March 29, 2014
Unique Call Allows Male Bats To Lay Claim On Insect Prey
redOrbit Staff & Wire Reports - Your Universe Online
While experts have long known that bats use ultrasonic calls to locate insect prey, research published earlier this week reveals that males have a second distinctive set that essentially allows them to call dibs on a potential meal.
“Despite decades of study, many things about common bat behaviors such as foraging remain mysterious,” said lead author Genevieve Wright of the University of Maryland Department of Biology. “We were able to study a social call that is likely occurring thousands of times a night all over North America during the summer months, yet had not been described or studied before now.”
Wright and her colleagues discovered that the male big brown bats produce a special sound known as a frequency-modulated bout (FMB) that advises other bats with whom they are foraging to stay away from their prey. They discovered the FMB while analyzing audio recordings [.MOV] of two bats that were foraging together.
During their examination of those recordings, the five-person University of Maryland team noticed calls that differed from typical echolocation. Those observations led them to analyze video and audio recordings of the creatures’ calls and flight paths as male and female big brown bats flew solo or in pairs while hunting tethered mealworms.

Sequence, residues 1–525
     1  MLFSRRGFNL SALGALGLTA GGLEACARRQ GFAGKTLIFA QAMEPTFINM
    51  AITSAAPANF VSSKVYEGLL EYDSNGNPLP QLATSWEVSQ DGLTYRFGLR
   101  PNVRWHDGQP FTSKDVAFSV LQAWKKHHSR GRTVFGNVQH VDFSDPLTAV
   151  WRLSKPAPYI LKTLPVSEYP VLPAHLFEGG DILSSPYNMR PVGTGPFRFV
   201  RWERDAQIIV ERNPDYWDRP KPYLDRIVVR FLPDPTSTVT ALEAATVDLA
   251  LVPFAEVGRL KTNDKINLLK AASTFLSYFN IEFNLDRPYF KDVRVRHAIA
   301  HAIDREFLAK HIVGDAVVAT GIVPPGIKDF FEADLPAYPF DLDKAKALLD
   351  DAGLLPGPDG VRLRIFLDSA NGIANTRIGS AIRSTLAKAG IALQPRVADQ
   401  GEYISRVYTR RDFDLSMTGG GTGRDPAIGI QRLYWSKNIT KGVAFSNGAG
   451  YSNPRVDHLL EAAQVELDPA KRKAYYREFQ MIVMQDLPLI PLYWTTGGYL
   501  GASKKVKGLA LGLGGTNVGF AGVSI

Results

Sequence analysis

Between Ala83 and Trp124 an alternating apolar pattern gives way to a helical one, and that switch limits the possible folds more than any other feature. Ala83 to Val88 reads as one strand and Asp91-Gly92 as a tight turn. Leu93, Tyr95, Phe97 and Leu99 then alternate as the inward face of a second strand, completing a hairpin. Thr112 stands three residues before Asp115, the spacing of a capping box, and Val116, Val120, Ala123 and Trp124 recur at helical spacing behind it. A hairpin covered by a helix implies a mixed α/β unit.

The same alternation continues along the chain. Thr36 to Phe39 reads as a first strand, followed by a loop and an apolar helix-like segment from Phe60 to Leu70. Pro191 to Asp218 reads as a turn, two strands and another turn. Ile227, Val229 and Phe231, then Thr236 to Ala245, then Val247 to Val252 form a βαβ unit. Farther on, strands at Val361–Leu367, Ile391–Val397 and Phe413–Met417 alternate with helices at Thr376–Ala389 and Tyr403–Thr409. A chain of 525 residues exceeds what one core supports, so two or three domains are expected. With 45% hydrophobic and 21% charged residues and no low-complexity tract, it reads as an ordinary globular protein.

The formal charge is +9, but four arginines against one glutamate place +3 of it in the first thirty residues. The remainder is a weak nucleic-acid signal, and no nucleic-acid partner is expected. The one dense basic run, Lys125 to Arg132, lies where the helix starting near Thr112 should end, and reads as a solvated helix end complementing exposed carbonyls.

Their analysis revealed sequences of three to four calls – calls that were lower in frequency and longer in duration than normal echolocation pulses. This special call serves as a unique identifier for the bat emitting it, but for reasons not yet currently known to the study authors, it is only the male big brown bats that emit the call.
“When two males flew together in a trial, it was not uncommon for each bat to emit FMBs. We found that the bat emitting the greatest number of FMBs was more likely to capture the mealworm,” Wright said, noting that unlike other animal calls that are meant to attract fellow hunters to a food source, the FMB is meant to repel other bats.
In fact, the researchers found that the males emitting the sounds were more likely to attack the mealworm, while its fellow foragers typically moved further away from the food source. Furthermore, based on the unique features of the call, they were able to trace them back to the specific male that made them 96 percent of the time.
“Despite decades of study, many things about common bat behaviors such as foraging remain mysterious,” added Wright. “We were able to study a social call that is likely occurring thousands of times a night all over North America during the summer months, yet had not been described or studied before now.”